The hardest part about doing the master’s thesis was trying to work up the energy to read something new at the end of the day. For about three weeks I had no internet in my new flat, so there was precious little to do but I still managed to turn to my meagre DVD collection before picking up my current book. But here’s what I did read, fiction-wise.
This summer I’ve read the latest in Deborah Harkness’ All Souls Trilogy, Shadow of Night. Set partially in late 16th century London, I galloped through the book and periodically called my mother to squeal over minute historical details that I knew (I knew) because of my graduate program. Makes all my student loans feel worth-while. Last Tuesday Foyles bookshop in Charing Cross held a talk and book-signing with Harkness, who is also a professor of history. Not only was she absolutely delightful to listen to, but when I approached her with my books (first in the queue, knees knocking together) and told her that I just finished my master’s thesis that very day, not ONLY did she write a nice inscription for me but when she heard my thesis topic she said it sounded excellent. I floated on clouds all the way to London Bridge train station (an hour’s walk from Charing Cross, by the by).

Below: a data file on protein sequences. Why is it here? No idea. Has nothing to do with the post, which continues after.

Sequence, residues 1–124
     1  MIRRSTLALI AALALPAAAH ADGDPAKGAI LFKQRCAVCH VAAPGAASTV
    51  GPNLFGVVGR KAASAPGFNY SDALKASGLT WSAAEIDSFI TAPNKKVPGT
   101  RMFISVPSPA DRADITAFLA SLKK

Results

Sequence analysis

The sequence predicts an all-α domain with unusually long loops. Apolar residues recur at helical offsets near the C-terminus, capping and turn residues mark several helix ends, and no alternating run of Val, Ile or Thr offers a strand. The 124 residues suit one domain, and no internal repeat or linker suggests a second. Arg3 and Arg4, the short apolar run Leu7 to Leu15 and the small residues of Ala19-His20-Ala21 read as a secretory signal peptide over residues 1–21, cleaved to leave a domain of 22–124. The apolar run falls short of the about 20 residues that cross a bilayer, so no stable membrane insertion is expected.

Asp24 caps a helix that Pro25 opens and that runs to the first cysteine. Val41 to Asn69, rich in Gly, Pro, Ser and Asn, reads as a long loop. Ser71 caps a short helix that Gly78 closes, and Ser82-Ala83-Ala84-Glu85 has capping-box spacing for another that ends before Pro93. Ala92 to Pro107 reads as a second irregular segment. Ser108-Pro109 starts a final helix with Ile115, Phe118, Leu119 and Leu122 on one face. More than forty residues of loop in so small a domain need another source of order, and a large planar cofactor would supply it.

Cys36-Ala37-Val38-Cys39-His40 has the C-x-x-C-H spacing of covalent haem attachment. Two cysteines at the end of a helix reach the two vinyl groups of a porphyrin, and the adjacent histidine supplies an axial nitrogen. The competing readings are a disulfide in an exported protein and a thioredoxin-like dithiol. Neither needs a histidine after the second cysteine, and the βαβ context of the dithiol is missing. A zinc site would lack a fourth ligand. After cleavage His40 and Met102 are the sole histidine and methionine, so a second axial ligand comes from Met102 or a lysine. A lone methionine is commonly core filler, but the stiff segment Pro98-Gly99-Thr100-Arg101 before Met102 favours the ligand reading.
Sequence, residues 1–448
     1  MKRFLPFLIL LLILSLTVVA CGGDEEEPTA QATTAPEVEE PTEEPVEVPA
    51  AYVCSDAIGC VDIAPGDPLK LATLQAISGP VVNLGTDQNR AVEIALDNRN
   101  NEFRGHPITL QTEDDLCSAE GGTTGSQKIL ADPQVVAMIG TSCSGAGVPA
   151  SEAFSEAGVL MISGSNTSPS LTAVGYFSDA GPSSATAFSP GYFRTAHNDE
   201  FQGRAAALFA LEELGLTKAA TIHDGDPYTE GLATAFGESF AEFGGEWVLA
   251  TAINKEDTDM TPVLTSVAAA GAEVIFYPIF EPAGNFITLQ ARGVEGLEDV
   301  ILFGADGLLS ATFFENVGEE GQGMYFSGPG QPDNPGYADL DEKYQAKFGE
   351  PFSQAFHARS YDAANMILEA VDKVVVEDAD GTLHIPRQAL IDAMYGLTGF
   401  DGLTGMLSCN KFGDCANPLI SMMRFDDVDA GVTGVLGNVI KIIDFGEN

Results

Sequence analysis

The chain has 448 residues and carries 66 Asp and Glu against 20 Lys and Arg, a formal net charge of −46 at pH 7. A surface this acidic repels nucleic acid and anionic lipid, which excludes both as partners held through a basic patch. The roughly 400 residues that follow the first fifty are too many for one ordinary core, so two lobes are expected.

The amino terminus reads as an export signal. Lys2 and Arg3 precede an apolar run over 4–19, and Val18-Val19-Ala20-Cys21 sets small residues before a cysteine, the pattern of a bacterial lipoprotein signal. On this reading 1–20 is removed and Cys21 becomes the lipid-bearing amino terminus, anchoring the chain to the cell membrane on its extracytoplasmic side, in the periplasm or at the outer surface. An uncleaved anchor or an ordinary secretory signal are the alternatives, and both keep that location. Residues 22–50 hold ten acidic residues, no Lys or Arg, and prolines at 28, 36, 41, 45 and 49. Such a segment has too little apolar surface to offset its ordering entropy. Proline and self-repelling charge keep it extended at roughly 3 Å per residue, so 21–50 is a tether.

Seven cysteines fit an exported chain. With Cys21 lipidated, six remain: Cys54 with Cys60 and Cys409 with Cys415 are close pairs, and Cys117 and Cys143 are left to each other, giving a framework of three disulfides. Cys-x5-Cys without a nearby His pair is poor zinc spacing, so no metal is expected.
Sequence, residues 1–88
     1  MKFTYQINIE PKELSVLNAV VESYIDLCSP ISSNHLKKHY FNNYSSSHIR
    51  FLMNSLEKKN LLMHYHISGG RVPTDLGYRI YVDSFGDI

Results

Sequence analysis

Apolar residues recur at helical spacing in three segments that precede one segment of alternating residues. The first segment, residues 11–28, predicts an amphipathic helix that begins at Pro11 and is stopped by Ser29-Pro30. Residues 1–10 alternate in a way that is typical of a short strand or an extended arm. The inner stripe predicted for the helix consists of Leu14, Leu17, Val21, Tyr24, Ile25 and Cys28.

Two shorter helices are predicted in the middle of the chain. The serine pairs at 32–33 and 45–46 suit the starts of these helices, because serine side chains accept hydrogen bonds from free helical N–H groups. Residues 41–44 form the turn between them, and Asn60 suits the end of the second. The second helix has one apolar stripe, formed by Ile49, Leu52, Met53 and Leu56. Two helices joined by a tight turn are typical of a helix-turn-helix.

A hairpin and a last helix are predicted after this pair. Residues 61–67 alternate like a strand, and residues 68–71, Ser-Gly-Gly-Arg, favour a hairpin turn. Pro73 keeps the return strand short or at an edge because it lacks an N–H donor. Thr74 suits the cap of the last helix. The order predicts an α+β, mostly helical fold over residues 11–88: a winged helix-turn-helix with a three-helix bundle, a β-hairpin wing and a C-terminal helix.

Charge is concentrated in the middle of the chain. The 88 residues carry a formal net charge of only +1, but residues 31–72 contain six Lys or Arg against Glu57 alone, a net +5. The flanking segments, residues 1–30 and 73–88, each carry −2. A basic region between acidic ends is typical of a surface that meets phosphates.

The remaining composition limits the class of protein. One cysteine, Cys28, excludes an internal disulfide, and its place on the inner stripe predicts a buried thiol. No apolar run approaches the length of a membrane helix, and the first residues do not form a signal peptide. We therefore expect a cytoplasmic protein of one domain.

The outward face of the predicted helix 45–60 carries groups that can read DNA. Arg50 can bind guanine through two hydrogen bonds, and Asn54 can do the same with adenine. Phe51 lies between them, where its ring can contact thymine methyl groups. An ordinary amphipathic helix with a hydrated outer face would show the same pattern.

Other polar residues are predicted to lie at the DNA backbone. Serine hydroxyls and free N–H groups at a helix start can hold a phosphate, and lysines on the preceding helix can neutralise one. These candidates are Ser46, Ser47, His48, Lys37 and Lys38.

I also read Penelope Hughes-Hallett’s The Immortal Dinner: A Famous Evening of Genius and Laughter in Literary London, 1817. Though technically non-fiction, it was absolutely fascinating. Rife with details (bless those literary figures for writing down their every thought), the book paints a fantastic picture of B.R. Haydon’s circle of friends, which included including John Keats and William Wordsworth among many others.
I’m currently two-thirds of the way through Bleak House, and I must admit it’s rather bleak. The plot is interesting, of course, and the writing and the character descriptions are as fantastic as a reader expects Dickens’ to be. But when you want the female protagonist to start cracking skulls and stop being so damn insipid it’s difficult to find the will to continue with it. I’m hoping to finish it quickly so I can move on.
For the plane ride, I’ve bought Hilary Mantel’s Bring Up the Bodies, the sequel to Man Booker Award-winning Wolf Hall. Coincidentally (or perhaps not), Bring Up the Bodies has just been announced as part of the Short List for the next Man Booker award. I adored the first book, so hopefully the second will be just as good.